SALEM — Ward 1 Councilor Robert McCarthy turned a few heads yesterday by winning re-election comfortably against a strong challenger.
McCarthy, elected to his third term, beat former Councilor-at-large Steve Pinto, 608 to 422. He swept both precincts and captured 57 percent of the vote.
“I’m happy,” said McCarthy. “It was a spirited campaign. I’m just going to spend the next two years rebuilding the divides and moving in a positive direction.”
Pinto’s decision to run in Ward 1 raised a few eyebrows. It came only months after a marathon and controversial City Council vote in January to fill a vacancy created by the exit of Councilor-at-large Joan Lovely after her election as state senator.
The council vote went more than 300 ballots, with Pinto and former Ward 1 Councilor Lucy Corchado deadlocked 5-5 for most of the rounds. McCarthy cast his ballots for Corchado, a councilor who had defeated him in a past election and later became a friend, rather than Pinto, his former colleague and neighbor.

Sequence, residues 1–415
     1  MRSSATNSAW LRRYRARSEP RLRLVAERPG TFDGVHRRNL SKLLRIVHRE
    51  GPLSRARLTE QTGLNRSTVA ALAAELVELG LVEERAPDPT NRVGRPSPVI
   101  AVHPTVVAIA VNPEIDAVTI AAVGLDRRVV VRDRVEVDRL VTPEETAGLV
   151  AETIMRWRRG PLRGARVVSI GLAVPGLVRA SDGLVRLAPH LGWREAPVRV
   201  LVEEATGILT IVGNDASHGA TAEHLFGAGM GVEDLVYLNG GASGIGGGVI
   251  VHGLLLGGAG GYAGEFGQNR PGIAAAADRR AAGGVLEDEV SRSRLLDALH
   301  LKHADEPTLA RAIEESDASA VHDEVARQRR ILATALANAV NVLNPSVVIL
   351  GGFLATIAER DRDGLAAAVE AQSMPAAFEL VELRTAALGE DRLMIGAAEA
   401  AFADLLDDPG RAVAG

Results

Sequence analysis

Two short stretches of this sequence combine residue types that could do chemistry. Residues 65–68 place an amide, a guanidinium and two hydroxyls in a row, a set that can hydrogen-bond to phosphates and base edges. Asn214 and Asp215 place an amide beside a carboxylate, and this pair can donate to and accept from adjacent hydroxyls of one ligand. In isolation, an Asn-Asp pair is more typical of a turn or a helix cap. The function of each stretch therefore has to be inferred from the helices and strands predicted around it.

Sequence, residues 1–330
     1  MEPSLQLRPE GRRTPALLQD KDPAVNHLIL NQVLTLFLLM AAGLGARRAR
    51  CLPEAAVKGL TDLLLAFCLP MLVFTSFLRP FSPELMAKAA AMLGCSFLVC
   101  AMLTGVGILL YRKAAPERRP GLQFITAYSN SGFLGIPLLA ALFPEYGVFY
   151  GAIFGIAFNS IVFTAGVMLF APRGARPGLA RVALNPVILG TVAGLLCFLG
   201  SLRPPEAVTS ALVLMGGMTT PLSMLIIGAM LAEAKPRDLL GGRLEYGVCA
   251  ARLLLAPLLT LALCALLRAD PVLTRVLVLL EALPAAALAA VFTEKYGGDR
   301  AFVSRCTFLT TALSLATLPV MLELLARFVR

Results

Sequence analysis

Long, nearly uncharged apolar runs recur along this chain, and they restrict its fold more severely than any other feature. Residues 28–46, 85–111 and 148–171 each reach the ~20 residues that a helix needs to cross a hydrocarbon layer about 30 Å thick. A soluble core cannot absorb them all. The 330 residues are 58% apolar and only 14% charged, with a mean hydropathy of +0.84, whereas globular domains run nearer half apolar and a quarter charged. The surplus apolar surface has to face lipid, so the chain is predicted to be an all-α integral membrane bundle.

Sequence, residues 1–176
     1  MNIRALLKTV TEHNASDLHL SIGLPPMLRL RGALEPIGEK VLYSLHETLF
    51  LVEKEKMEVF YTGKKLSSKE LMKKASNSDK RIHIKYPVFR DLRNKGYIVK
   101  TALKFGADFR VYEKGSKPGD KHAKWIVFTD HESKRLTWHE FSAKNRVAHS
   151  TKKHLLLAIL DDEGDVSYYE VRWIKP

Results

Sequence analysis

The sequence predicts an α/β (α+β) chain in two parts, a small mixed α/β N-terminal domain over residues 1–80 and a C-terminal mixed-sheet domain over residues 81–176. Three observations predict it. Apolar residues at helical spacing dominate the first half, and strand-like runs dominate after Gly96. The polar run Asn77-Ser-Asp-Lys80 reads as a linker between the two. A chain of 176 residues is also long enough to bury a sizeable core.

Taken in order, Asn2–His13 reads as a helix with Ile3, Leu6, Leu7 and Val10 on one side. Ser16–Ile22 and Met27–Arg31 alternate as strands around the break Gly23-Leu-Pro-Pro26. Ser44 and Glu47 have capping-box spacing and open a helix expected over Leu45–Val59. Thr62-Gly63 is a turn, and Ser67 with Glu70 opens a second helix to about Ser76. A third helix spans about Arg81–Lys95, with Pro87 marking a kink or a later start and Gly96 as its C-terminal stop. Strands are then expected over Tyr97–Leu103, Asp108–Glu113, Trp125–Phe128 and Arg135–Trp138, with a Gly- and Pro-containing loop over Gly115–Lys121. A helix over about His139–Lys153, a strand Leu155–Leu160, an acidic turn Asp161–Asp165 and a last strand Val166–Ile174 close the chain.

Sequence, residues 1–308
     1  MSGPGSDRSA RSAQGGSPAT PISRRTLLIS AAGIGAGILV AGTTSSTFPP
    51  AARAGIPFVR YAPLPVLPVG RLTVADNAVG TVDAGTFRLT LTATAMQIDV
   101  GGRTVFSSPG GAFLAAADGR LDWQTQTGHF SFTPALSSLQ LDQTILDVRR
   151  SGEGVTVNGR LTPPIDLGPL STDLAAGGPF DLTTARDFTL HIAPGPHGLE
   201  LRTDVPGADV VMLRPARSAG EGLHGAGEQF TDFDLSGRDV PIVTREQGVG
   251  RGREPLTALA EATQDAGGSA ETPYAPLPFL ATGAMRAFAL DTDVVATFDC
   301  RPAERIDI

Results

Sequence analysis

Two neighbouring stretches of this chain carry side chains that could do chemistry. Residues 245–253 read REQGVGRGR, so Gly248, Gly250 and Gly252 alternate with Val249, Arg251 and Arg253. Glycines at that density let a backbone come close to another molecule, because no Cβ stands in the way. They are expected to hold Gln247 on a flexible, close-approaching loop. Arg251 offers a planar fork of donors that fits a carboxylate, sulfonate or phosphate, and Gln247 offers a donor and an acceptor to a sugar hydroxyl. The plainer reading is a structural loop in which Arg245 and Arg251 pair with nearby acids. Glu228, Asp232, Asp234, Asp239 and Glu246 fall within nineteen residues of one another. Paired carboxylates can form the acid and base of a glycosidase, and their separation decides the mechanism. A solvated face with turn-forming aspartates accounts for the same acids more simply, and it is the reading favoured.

Pinto denied that McCarthy’s refusal to vote for him was a factor in his decision to run for the Ward 1 seat.
“This is about me wanting to serve,” he said in a July interview. “It’s not about the past,”
This election had the potential to pit neighbor against neighbor, as both McCarthy and Pinto live in Juniper Point, a tight-knit community on the water known for its colorful July 4 celebration.
The interest in this ward fight was reflected in the fundraising. McCarthy raised about $10,000, while Pinto wasn’t far behind, with more than $8,000, according to financial records released last month.
The election took on added importance because Ward 1 is facing a number of important and potentially divisive issues: the power plant development, the National Grid transmission project, the proposed wind turbine on Winter Island and the prospect of larger cruise ships on the waterfront.
Tom Dalton can be reached at email@example.com.